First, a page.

11. A method for making a composition as described in claim 9, wherein said polar solvent is water, toluene, tetrahydrofuran or dimethylformamide.
12. A method for making a composition as described in claim 9, wherein said organoclay is montmorillonite clay.
13. A method for making a composition as described in claim 9, wherein said organoclay is a di-methyl, di-tallow ammonium functionalized montmorillonite clay.
14. A method for making a composition as described in claim 9, wherein said combined materials comprise from about 50-98 weight percent polymethylmethacrylate and from about 2-50 weight percent organoclay.
15. A method for making a composition as described in claim 9, wherein said combined materials comprise from about 70-90 weight percent polymethylmethacrylate and from about 30-10 weight percent organoclay.
16. A method for making a composition as described in claim 9, wherein said combined materials comprise from about 80-84 weight percent polymethylmethacrylate and from about 16-20 weight percent organoclay.
17. A transparent sheet consisting essentially of polymethylmethacrylate and an organoclay functionalized with an intercalation agent, wherein said intercalation agent is a reaction product of a polyamine and an alkyl halide in a polar solvent.
18. A transparent sheet as described in claim 17, wherein said alkyl halide is alkyl chloride or alkyl bromide.
19. A transparent sheet as described in claim 17, wherein said polar solvent is selected from the group consisting of water, toluene, tetrahydrofuran and dimethylformamide.
20. A transparent sheet as described in claim 17, wherein said organoclay is montmorillonite clay.
21. A transparent sheet as described in claim 17, wherein said organoclay is a di-methyl, di-tallow ammonium functionalized montmorillonite clay.
22. A transparent sheet as described in claim 17 comprising from about 50-98 weight percent polymethylmethacrylate and from about 2-50 weight percent organoclay.
23. A transparent sheet as described in claim 17 comprising from about 70-90 weight percent polymethylmethacrylate and from about 30-10 weight percent organoclay.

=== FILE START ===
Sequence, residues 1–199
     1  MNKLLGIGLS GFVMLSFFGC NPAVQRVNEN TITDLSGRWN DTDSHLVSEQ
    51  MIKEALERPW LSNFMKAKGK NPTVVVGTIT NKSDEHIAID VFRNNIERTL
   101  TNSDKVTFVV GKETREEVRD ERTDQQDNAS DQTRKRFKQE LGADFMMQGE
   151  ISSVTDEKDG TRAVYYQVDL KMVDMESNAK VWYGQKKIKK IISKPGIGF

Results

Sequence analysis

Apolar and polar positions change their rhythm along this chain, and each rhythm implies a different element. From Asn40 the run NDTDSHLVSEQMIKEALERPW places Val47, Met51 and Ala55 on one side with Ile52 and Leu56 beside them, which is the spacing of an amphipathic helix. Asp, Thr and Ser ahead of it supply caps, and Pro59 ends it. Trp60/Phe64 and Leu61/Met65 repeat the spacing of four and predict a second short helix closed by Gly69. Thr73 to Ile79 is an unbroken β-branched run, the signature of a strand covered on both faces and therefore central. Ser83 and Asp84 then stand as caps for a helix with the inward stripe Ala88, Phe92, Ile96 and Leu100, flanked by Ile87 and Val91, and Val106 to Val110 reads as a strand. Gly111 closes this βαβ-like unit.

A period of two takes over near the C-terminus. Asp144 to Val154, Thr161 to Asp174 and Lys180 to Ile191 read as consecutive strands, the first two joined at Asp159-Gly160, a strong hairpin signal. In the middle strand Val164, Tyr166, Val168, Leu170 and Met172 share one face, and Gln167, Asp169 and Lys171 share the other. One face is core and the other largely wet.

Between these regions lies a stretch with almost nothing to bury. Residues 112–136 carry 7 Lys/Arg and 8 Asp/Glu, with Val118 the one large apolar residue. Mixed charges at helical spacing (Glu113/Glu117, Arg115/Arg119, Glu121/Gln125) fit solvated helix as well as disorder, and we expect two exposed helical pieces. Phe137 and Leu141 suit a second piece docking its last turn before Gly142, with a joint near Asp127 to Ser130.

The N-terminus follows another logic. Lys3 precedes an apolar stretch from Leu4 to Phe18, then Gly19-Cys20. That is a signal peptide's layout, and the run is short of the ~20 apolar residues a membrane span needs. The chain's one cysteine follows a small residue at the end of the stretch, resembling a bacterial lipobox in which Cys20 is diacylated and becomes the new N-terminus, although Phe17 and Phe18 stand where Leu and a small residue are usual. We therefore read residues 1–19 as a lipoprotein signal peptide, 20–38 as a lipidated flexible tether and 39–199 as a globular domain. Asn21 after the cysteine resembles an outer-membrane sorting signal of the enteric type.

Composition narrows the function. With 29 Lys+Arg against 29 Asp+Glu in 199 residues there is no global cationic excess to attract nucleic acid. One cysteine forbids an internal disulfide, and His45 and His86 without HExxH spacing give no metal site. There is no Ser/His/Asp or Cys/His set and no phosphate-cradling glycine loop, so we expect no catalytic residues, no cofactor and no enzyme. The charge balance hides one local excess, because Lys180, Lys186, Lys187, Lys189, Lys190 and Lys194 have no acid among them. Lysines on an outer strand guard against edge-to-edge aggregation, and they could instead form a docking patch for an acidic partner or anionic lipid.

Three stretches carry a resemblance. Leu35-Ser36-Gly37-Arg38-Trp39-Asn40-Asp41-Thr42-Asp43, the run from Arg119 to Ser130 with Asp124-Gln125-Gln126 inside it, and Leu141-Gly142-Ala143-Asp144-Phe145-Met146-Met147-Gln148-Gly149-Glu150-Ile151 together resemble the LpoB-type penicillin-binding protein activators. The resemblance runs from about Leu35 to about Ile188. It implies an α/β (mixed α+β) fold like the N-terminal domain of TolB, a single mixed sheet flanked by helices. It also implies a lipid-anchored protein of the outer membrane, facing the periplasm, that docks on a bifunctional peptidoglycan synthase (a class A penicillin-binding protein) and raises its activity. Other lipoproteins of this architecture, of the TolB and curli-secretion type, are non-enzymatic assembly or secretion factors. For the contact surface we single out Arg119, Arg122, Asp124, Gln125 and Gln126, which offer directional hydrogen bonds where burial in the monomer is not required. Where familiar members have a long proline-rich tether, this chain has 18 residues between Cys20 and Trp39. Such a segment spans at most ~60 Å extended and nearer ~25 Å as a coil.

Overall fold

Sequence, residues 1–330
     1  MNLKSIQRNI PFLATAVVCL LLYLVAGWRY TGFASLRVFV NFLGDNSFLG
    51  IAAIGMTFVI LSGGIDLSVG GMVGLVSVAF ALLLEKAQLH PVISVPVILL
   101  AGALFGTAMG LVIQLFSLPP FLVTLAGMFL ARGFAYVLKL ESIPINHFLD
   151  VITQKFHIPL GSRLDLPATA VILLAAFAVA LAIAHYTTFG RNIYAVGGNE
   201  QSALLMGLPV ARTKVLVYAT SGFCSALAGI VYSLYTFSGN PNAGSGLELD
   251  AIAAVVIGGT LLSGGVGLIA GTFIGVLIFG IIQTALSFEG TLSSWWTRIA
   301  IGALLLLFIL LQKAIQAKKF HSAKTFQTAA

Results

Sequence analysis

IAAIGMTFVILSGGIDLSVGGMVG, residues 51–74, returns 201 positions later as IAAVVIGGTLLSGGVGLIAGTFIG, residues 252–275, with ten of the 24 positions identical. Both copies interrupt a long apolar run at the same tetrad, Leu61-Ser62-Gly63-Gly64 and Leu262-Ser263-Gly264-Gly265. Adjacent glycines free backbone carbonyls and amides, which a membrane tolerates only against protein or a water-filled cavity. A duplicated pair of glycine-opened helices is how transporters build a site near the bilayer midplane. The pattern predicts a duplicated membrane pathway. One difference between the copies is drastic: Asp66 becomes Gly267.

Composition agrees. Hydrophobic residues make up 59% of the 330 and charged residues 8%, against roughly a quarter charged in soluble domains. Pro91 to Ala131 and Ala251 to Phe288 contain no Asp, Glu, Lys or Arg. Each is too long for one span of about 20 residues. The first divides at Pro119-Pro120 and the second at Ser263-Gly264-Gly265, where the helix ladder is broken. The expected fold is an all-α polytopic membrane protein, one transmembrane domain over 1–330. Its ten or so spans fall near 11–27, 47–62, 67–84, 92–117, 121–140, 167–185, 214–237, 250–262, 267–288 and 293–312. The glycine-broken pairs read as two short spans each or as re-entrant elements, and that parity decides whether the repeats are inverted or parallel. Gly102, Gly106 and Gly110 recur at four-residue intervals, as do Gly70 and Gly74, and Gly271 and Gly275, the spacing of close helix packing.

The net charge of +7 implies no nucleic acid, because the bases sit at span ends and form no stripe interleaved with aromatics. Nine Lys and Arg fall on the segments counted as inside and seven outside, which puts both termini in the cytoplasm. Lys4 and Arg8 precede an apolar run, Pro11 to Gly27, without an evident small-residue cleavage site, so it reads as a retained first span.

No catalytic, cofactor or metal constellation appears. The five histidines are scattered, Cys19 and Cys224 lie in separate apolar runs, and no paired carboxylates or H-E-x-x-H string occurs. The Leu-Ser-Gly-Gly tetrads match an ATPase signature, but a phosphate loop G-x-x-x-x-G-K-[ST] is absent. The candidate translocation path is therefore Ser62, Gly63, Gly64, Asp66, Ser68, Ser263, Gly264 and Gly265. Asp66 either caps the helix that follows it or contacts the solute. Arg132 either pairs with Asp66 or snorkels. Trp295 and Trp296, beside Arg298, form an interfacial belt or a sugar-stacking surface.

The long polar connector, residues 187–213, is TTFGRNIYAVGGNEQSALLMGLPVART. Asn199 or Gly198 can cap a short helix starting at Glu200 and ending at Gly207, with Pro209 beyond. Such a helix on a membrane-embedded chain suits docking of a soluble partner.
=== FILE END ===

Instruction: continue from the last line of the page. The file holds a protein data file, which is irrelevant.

24. A transparent sheet as described in claim 17 comprising from about 80-84 weight percent polyinethylmethacrylate and from about 16-20 weight percent organoclay.
25. A method for forming a transparent sheet comprising:
forming a composition consisting essentially of polymethylmethacrylate and an organoclay functionalized with an intercalation agent, wherein said intercalation agent is a reaction product of a polyamine and an alkyl halide in a polar solvent; and
simultaneously heating and mixing and heating said composition at a temperature of at least 433° K. and at a shear rate of at least 20 RPM; and
molding said composition to form said transparent sheet, wherein said transparent sheet has increased thermal stability and UV adsorption properties compared to a transparent sheet formed from polymethylmethacrylate.
Description

This application claims priority based on U.S. provisional application No. 60/325,942 filed on Sep. 28, 2001.

This invention was made with Government support under Grant No. DMR0080604 awarded by the National Science Foundation. The Government has certain rights in the invention.

BACKGROUND OF INVENTION

The present invention relates to nanocomposite compositions formed from clay and polymethylmethacrylate (PMMA) and, in particular, compositions formed from functionalized montmorillonite clay and polymethylmethacrylate.